Mission accomplished for CSC, now who’s the boss?
Team CSC-Saxo Bank once again executed near-perfect tactics in Sunday’s 15th stage and this time they got the big prize: the yellow jersey. CSC did just about everything right in the three-climb stage to Prato Nevoso and turned a one-second deficit into a seven-second lead to Bernhard Kohl. With a four-man breakaway staying clear to take the day’s flowers, CSC had its plan ready to fire up.
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By Andrew Hood
Team CSC-Saxo Bank once again executed near-perfect tactics in Sunday’s 15th stage and this time they got the big prize: the yellow jersey.
CSC did just about everything right in the three-climb stage to Prato Nevoso and turned a one-second deficit into a seven-second lead to Bernhard Kohl. With a four-man breakaway staying clear to take the day’s flowers, CSC had its plan ready to fire up.
First, it put Stuart O’Grady and Nicki Sorensen on the front across the flats driving toward the final climb. Then world time trial champion Fabian Cancellara, Jens Voigt and Volodymir Gustov each took pulls on the lower half of the climb to thin the field.
Then Andy Schleck set a brutal pace on the middle section of the climb to put race leader Cadel Evans and the others under intense pressure.
“Frank is in yellow now and that’s the only thing that matters,” said the younger Schleck. “Our Tour is just beginning. Menchov is riding well and he’s one of the favorites. There are still two hard stages, but that’s better for us. Now we have two cards to play, Carlos and Frank. For me, I am feeling good again, so why not think about winning a stage?”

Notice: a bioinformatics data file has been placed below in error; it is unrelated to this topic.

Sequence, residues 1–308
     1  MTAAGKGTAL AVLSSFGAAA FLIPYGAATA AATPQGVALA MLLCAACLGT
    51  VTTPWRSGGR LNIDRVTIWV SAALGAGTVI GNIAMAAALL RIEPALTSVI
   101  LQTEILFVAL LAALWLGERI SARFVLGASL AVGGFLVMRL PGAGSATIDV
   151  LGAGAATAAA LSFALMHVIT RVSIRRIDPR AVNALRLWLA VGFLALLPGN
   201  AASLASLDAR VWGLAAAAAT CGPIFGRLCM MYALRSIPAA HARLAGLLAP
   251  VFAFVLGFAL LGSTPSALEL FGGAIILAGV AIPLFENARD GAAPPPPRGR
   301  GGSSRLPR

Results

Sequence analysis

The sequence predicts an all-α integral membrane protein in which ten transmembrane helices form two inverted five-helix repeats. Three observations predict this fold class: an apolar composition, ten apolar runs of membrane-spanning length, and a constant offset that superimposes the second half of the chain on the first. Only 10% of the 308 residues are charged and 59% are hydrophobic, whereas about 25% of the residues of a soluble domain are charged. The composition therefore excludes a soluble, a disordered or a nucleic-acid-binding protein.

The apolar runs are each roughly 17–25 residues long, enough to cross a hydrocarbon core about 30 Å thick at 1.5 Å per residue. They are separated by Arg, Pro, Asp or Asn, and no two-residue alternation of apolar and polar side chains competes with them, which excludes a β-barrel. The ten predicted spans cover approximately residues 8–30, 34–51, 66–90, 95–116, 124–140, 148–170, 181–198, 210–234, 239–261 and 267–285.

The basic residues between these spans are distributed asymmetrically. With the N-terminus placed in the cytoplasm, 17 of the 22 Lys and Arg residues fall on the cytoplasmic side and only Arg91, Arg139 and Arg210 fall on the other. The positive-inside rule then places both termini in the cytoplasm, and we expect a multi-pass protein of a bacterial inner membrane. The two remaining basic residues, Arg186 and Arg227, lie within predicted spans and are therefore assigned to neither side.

With the younger Schleck lighting up the roads, his older brother was able to stay with Evans. That allowed his Spanish teammate Sastre to jump with three kilometers to go. Trailing after Sastre were Denis Menchov, Alejandro Valverde and Bernhard Kohl.
“It was a great tactic with Carlos. If I would have attacked, Evans would have come with me, so Carlos went and he really put Evans under pressure. (Evans) had to work and I could sit on his wheel,” Schleck said. “Carlos did a great job. Once we got close to the summit with 500 meters to go, then I could attack Evans and take the jersey. It was a dream day.”
After the dust settled, Schleck became the second Luxembourger to wear the yellow jersey in this Tour. Sastre, meanwhile, stayed in sixth overall but pulled within 48 seconds of his teammate.
It’s the first time CSC has held the yellow jersey so deep into the Tour. They’ve held it early on with riders like Jens Voigt, but never with a GC contender in the third week of the Tour.
Team manager Bjarne Riis said the team will continue to play its aggressive card in the Alps.
“We have a plan and we will stick to it. Of course, we need more time and we have to attack in the Alps,” said Riis. “Everyone knows we are at a disadvantage in the time trial, so we need more time if we want to win this Tour. We’ll see if we can get it.”
With Schleck first and Sastre sixth at less than a minute back, many are already wondering if there will be a split of loyalties within the team. Sastre entered the Tour as the team’s outright captain, but with Schleck in yellow, the team will ride to defend it as long as possible.
And then there’s the question of Andy Schleck. The brothers are extremely close and some are wondering out loud if the team might lean more toward Schleck than Sastre.
Sastre, however, shot down notion that there might be divisions within the team.
“We worked together in cohesion today and that’s what we will keep doing. Harmony is the best tactic for us right now,” Sastre said. “Frank is aware that I will work for him, and if he struggles in the yellow jersey, then they will work for me. That’s the way we do it on this team.”
So far, the team’s strategy has been flawless. It’s hard to imagine it will come apart at the seams in the final week.
Schleck recoiled when a reporter queried about how much time he would need if he expects to win the Tour.
“Why do you have to kick me when I am up?” he asked with a laugh. “I know I have to gain time on these guys. Just let me enjoy this moment now. Can’t you just leave me alone?”